Performances of Christoph Willibald Gluck’s opera have a long tradition in Salzburg; Bruno Walter conducted a staged version here in 1931, inviting the legendary Margarete Wallmann and her dance ensemble to Salzburg to contribute to the stage action. Christof Loy is also bringing his own group of dancers for his production. Under the baton of Gianluca Capuano, Mélissa Petit in the role of Euridice joins Cecilia Bartoli. Amore will be sung by Madison Nonoa. Les Musiciens du Prince – Monaco perform.
Intimate harmony. Love beyond death is also the focus of the “tragedia lirica” I Capuleti e i Montecchi by Vincenzo Bellini, performed in concert at the Felsenreitschule. Anyone assuming Shakespeare as the source of the story would be mistaken here: when Bellini composed the opera within a few weeks in 1830 for the Teatro La Fenice in Venice, he did so on the basis of a libretto by Felice Romani. This author had modelled his libretto for Nicola Vaccai’s opera Giulietta e Romeo on Luigi Scevola’s eponymous tragedy and other sources. Surely, Romani was familiar with Matteo Bandello’s novella La sfortunata morte di due infelicissimi amanti, which Shakespeare, in turn, also used as inspiration.
In his bel canto version of the most famous love tragedy in the history of literature, Bellini assigned the role of Romeo to a mezzo-soprano, allowing the two female voices to achieve a special degree of intimate harmony. As Hector Berlioz wrote: “These two voices, which resound as if they were one, symbolizing a perfect union, give the melody extraordinary verve. I confess that I was suddenly gripped by emotion and applauded enthusiastically.” At the same time, the two female voices in this almost painfully beautifully music provide a powerful contrast to the cold society dominated by male voices which ultimately breaks the two lovers.
In Salzburg, it will be the voices of Elsa Dreisig as Giulietta and Aigul Akhmetshina as Romeo merging as one. Michele Pertusi sings the role of Capellio, Pene Pati that of Tebaldo, and Roberto Tagliavini that of Lorenzo. In this concert performance, Marco Armiliato conducts the Mozarteum Orchestra Salzburg and the Philharmonia Chorus Vienna, prepared by Walter Zeh.
In love with the enemy. Another opera dominated by unfulfilled love is Henry Purcell’s The Indian Queen. In the original version, which is based on a play by John Dryden and Robert Howard, the lovers are defeated by the fictitious conflict between the Aztecs and the Inka. In the original, the daughter of the Inka ruler is not only adored by the warrior Montezuma, but also by Acacis. In Salzburg, however, the audience will witness a concert version which director Peter Sellars has created, including a new framework for the action. This is based on Rosario Aguilar’s novel La niña blanca y los pájaros sin pies, telling the story of the Spanish conquest of Central America from the perspectives of three women. One of them is the daughter of a Maya chieftain who is given to one of the conquerors as a mistress. This is done with the notion that it might enable her to spy for her people. She, however, falls in the love with the enemy. Her hope that he might abandon his conquering rage for love of her turns out to be in vain. Power means more to the man she loves than her affection. The original 50 minutes of music written by Purcell for The Indian Queen at the height of his career as a stage composer have been expanded by Sellars and the conductor Teodor Currentzis to encompass other expressive solo songs and arias by Purcell, as well as a selection of his sacred choral works. The soloists include Jeanine De Bique, Jarrett Ott, Julian Prégardien and Rachel Redmond.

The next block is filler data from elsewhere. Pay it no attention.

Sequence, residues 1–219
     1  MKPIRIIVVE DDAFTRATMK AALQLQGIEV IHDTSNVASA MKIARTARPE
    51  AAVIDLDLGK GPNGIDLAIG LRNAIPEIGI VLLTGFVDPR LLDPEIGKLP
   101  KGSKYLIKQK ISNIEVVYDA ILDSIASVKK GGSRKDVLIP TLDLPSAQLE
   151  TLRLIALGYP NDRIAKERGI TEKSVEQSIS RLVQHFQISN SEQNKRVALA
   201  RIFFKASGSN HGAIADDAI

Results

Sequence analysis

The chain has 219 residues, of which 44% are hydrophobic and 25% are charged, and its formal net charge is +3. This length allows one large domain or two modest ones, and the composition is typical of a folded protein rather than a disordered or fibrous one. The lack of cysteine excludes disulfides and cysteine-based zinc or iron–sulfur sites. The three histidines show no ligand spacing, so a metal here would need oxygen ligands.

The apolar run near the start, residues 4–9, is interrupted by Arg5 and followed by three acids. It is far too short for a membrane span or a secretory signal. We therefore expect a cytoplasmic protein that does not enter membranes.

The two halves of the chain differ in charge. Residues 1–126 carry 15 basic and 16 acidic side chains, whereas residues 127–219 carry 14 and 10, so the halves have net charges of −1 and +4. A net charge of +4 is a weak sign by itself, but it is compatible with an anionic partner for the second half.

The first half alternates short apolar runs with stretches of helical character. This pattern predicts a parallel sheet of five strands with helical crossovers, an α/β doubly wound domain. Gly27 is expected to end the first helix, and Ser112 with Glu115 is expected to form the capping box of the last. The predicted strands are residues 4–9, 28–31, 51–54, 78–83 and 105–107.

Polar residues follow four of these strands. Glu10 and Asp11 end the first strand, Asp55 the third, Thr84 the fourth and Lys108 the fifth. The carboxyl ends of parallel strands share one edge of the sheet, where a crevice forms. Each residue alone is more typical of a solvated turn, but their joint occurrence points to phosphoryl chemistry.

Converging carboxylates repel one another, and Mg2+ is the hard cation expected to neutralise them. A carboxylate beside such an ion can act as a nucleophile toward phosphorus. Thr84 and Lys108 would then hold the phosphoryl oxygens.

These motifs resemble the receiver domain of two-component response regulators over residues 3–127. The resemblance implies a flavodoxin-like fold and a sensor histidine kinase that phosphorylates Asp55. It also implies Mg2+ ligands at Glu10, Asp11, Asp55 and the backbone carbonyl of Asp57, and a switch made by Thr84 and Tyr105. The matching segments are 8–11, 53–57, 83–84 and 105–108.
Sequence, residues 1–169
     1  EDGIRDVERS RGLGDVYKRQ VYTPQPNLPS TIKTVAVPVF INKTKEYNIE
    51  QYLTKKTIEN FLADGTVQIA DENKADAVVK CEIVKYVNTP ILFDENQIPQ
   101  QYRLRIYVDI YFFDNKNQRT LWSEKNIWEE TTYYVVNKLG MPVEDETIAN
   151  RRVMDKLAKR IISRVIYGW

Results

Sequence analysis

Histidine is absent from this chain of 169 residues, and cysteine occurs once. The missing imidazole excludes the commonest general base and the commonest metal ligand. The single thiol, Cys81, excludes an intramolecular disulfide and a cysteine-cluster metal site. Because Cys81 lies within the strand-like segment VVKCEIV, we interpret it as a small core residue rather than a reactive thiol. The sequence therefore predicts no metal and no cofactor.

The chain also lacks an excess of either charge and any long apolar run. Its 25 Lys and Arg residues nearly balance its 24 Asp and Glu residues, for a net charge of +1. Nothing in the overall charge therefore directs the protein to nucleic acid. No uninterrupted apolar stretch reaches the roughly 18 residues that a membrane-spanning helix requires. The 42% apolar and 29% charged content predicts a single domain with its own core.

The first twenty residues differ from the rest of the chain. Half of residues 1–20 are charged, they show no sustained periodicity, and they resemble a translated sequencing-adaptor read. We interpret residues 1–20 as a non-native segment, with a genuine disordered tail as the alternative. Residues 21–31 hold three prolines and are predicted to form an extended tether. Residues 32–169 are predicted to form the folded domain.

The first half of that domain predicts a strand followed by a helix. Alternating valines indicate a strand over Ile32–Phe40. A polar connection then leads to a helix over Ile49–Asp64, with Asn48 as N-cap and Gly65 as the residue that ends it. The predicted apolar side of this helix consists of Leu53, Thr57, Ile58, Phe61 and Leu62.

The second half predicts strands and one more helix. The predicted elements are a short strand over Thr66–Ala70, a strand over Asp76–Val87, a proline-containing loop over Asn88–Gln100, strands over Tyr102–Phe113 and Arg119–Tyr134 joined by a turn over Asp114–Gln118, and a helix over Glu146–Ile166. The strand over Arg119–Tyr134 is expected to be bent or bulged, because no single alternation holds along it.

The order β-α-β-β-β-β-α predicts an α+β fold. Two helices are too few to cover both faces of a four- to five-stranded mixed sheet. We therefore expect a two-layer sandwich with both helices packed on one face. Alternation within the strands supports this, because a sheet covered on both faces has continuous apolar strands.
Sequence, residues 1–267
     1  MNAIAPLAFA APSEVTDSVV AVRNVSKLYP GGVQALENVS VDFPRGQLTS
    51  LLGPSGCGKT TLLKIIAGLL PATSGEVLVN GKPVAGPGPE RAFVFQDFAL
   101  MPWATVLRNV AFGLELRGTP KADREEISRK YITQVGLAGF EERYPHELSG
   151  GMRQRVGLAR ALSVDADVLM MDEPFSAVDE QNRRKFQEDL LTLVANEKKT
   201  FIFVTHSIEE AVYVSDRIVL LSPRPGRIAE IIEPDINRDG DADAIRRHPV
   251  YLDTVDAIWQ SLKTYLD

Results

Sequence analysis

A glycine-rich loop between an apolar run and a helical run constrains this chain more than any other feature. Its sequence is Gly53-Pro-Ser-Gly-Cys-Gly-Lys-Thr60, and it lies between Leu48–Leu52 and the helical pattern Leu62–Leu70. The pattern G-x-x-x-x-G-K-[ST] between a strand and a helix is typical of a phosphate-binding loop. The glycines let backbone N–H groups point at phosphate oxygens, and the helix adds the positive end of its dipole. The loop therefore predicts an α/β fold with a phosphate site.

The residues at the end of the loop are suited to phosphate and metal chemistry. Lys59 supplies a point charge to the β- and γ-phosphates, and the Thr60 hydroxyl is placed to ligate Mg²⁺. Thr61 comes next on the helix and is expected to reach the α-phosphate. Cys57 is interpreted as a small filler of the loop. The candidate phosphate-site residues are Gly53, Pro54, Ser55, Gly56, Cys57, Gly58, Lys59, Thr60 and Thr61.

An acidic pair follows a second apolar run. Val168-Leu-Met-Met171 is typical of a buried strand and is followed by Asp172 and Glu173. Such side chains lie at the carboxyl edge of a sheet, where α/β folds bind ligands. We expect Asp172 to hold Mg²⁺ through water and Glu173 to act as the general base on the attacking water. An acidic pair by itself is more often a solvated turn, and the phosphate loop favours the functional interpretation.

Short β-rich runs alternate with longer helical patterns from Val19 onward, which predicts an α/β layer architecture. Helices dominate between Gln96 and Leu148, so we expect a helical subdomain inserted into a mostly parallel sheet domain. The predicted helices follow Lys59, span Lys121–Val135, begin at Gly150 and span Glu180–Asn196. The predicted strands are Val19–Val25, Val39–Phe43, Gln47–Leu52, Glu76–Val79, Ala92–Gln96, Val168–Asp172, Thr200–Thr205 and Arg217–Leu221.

The apparition of a ghost reminds him of his destiny
A sense of duty that is stronger than love is also the subject of Les Troyens by Hector Berlioz, this summer’s third opera in concert at the Salzburg Festival. Énée, who has fled from Troy on a mission to build a new state in Italy, falls in love with Didon, Queen of Carthage, in the course of his journey. However, she fails to keep him in Carthage, even if their affection culminates in the intimate duet “Nuit d’ivresse et d’extase infinie”. The apparition of a ghost reminds him of his destiny. The “grand opéra” uses a libretto which Berlioz himself loosely based on Virgil’s Aeneis. The opera is monumental in scope and innovative in its epic forces, requiring a multitude of singers, choristers and orchestral musicians. During the composer’s lifetime, the work, which he composed between 1856 and 1858, was never performed; only in the 20th century was it first shown as a whole. Even if the fate of the Trojan Énée holds the opera together, the seeress Cassandre and the Queen of Carthage, Didon, are dominant figures. In Salzburg, Paula Murrihy will sing the role of Didon and Alice Coote that of Cassandra. Michael Spyres is Énée. John Eliot Gardiner conducts the Orchestre Révolutionnaire et Romantique.
Much as all four operas have heartfelt, touching music in common, none of their protagonists are granted happy endings.
First published on 20.05.2023 in Die Presse Kultur Spezial: Salzburger Festspiele
Translation: Alexa Nieschlag